Oct. 24 — Urbanization is one of the great challenges and opportunities of this century, inextricably tied to global challenges ranging from climate change to sustainable use of energy and natural resources, and from personal health and safety to accelerating innovation and education. There is a growing science community—spanning nearly every discipline—pursuing research related to these challenges.
The availability of urban data has increased over the past few years, in particular through open data initiatives, creating new opportunities for collaboration between academia and local government in areas ranging from scalable data infrastructure to tools for data analytics, along with challenges such as replicability of solutions between cities, integrating and validating data for scientific investigation, and protecting privacy.
For many urban questions, however, new data sources will be required with greater spatial and/or temporal resolution, driving innovation in the use of sensors in mobile devices as well as embedding intelligent sensing infrastructure in the built environment. Collectively these data sources also hold promise to begin to integrate computational models associated with individual urban sectors such as transportation, building energy use, or climate.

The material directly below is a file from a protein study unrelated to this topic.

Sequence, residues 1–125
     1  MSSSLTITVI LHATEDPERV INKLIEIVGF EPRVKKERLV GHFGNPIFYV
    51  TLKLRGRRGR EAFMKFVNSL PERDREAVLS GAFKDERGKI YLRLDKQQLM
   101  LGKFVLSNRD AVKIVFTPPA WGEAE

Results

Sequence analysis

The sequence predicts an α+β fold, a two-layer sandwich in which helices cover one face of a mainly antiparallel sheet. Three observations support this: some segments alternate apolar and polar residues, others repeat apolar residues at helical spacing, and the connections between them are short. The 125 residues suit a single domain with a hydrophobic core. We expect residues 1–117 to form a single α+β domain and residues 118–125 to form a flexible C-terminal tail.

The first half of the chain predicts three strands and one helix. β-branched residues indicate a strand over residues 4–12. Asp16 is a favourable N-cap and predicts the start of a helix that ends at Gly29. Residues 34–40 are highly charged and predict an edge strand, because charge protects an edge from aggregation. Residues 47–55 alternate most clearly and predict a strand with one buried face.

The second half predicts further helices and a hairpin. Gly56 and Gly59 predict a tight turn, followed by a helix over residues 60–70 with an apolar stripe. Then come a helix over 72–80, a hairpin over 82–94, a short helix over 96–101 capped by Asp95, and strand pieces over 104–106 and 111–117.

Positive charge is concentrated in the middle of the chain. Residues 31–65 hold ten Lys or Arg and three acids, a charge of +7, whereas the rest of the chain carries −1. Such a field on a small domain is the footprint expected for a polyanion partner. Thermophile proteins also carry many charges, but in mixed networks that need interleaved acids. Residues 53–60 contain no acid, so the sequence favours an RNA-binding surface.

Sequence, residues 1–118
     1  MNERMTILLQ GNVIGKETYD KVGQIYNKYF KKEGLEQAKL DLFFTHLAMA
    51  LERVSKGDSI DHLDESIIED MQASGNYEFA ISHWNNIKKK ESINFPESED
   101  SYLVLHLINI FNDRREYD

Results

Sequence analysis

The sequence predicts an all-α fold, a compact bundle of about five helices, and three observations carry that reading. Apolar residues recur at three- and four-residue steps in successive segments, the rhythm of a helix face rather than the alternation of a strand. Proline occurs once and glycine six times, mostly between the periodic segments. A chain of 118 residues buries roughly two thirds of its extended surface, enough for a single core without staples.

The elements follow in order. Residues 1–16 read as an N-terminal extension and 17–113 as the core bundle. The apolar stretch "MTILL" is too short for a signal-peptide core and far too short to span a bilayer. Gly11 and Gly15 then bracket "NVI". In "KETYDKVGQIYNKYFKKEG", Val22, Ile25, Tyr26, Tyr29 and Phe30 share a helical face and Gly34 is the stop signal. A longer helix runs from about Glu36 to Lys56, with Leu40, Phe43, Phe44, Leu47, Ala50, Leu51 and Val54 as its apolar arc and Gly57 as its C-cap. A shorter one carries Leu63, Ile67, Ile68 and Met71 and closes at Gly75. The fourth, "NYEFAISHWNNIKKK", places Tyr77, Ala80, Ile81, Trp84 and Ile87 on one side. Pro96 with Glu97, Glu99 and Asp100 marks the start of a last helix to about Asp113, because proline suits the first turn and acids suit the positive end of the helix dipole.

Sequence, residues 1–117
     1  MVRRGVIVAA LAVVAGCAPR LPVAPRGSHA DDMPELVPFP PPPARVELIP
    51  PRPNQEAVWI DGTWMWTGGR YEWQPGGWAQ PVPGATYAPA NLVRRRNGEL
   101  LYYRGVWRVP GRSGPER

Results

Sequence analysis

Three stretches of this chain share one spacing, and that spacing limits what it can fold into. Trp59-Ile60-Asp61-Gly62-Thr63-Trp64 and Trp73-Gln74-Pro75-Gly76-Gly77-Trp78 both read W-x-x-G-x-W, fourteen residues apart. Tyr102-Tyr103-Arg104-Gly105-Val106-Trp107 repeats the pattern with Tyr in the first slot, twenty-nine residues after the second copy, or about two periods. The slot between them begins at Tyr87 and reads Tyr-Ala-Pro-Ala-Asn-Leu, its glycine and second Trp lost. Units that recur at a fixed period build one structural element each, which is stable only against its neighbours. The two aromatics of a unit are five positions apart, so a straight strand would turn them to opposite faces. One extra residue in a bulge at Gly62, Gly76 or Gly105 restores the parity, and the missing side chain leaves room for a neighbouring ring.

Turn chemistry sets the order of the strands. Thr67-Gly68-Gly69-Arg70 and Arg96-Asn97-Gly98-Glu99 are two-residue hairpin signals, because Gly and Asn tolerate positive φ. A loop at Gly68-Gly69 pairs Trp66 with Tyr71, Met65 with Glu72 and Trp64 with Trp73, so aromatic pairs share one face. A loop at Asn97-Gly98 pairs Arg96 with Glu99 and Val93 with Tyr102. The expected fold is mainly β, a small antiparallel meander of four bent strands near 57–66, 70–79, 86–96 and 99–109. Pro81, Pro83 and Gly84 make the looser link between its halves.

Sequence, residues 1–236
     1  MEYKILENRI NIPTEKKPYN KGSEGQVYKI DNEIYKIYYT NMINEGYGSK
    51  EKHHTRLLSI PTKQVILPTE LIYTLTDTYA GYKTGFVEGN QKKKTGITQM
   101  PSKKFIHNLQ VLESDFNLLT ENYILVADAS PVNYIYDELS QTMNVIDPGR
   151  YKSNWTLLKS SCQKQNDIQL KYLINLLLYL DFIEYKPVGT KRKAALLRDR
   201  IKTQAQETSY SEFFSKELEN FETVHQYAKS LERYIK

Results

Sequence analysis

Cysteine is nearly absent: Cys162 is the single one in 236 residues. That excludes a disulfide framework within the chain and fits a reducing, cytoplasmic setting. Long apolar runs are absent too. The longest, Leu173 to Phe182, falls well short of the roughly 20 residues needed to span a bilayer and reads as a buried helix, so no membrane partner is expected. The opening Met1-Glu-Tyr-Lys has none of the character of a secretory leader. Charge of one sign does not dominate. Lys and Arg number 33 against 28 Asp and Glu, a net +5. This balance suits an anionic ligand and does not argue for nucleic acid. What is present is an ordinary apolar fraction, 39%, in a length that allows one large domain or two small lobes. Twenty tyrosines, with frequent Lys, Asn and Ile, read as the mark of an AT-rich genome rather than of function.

Catlett will discuss the work that Argonne National Laboratory and the University of Chicago are doing in partnership with the City of Chicago and other cities through the Urban Center for Computation and Data, focusing in particular on new opportunities related to embedded systems and computational modeling.
About the Speaker:
Charlie Catlett is the founding director of the Urban Center for Computation and Data (UrbanCCD) which brings scientists, artists, architects, technologists, and policy makers together to use computation, data analytics, and embedded systems to pursue insight into the dynamics, design, and resilient operation of cities.
He leads the NSF-funded Array of Things, establishing a network of 500 Argonne-developed intelligent sensor units in Chicago. He is a Senior Computer Scientist at Argonne National Laboratory, a Senior Fellow at the Computation Institute of the University of Chicago and Argonne National Laboratory, and a Senior Fellow at the Harris School of Public Policy at the University of Chicago.
In previous roles he was Chief Information Officer for Argonne National Laboratory, Director of the NSF “TeraGrid” nationally distributed supercomputing facility, designer and director of the I-WIRE regional optical network, and Chief Technology Officer at the National Center for Supercomputing Applications.
He has worked in Internet and supercomputing technologies since 1985. Recognized as one of 25 “Doers, Dreamers & Drivers” of 2016 by Government Technology magazine and in 2014 as one of Chicago’s “Tech 50” technology leaders by Crain’s Chicago Business, Charlie is a Computer Engineering graduate of the University of Illinois at Urbana-Champaign.